The Australian Rider’s Division and rider representative groups are also calling on Premier Baillieu and the Victorian Government to establish regulations that govern the content and ethics of Road Safety campaigns in order the prevent misrepresentation or vilification of any road user group.
For further information or a copy of the communique, please contact Rob Smith, Manager of the Australian Rider’s division, on (03) 9684 0501 or
March 17, 2012
Thought this may help inspire us all....
By Heather Ellis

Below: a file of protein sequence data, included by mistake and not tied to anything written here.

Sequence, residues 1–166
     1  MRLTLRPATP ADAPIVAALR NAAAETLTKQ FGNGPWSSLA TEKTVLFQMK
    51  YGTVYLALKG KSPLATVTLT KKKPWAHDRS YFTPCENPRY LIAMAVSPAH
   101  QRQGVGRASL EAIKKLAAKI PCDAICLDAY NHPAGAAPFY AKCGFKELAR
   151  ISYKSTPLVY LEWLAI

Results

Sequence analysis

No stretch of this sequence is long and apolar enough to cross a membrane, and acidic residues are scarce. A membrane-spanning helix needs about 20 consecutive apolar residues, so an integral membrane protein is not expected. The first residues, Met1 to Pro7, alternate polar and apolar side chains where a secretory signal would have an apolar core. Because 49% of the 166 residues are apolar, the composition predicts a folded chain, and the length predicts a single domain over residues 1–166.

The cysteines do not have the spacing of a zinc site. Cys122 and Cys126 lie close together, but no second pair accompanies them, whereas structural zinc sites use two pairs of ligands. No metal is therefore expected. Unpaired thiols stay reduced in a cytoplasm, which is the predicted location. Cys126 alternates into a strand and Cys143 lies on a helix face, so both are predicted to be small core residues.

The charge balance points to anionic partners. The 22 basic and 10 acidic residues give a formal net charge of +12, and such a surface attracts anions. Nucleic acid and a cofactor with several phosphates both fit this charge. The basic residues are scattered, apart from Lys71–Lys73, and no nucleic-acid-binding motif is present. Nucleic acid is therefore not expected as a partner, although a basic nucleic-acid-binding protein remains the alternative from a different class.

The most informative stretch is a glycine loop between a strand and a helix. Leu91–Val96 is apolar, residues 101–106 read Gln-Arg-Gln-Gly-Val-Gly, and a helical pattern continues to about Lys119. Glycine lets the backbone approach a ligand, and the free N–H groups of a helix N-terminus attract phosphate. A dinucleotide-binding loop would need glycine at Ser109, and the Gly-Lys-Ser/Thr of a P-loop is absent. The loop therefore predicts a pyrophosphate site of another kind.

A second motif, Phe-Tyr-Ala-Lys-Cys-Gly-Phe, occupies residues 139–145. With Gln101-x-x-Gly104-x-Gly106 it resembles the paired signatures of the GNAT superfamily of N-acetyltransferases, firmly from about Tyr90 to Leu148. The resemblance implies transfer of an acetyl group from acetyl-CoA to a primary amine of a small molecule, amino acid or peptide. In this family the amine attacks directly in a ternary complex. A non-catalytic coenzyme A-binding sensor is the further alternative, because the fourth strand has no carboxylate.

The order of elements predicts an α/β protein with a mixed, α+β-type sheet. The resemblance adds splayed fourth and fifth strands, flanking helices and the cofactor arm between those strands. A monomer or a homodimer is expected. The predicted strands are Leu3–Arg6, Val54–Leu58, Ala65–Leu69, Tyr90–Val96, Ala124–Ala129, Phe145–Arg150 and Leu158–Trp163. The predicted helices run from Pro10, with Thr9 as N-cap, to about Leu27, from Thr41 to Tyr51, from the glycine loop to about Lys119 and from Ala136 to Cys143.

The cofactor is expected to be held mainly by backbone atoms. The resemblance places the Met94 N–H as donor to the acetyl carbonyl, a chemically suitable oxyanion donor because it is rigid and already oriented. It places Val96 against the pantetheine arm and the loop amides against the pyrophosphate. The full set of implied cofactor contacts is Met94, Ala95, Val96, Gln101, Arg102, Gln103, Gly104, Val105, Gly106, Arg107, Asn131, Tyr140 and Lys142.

After 14 years I still see a few Jabiluka bumper stickers while riding around Melbourne. (I still proudly wear one as a badge on my motorcycle jacket). During the height of the protest back in 1998, busloads of protestors arrived in Kakadu at the Jabiluka protest campsite from Victoria. These Victorians, back then, were mostly university students and retirees. Today, many of these protestors are our doctors, lawyers, politicians and even journalists. As a first year journalism student at James Cook University, I organised the Jabiluka Kombi Convoy from Cairns to Kakadu to join the protest. We raised $450 by holding a dance party. It paid for fuel for four cars and a load of toilet paper and bandaids for the protest site. The peaceful battle for Jabiluka is one of the environmental activist movement's greatest victories: ‘We won that battle'. When faced with similar battles, it is very inspiring to reflect back on the Jabiluka protest as it proves what people, as a united force, can do when the impact on our environment and culture is so harmful. The Jabiluka Protest was about stopping ERA from mining uranium on the Mirrar Aboriginal people's traditional land which was adjacent to the Magella Wetlands - the womb of Kakadu where all life begins. Looking back it was all very much the storyline from 'Avatar'. Even the landforms, vegetation and some of the creatures have that ‘Avatar’ prehistoric feel.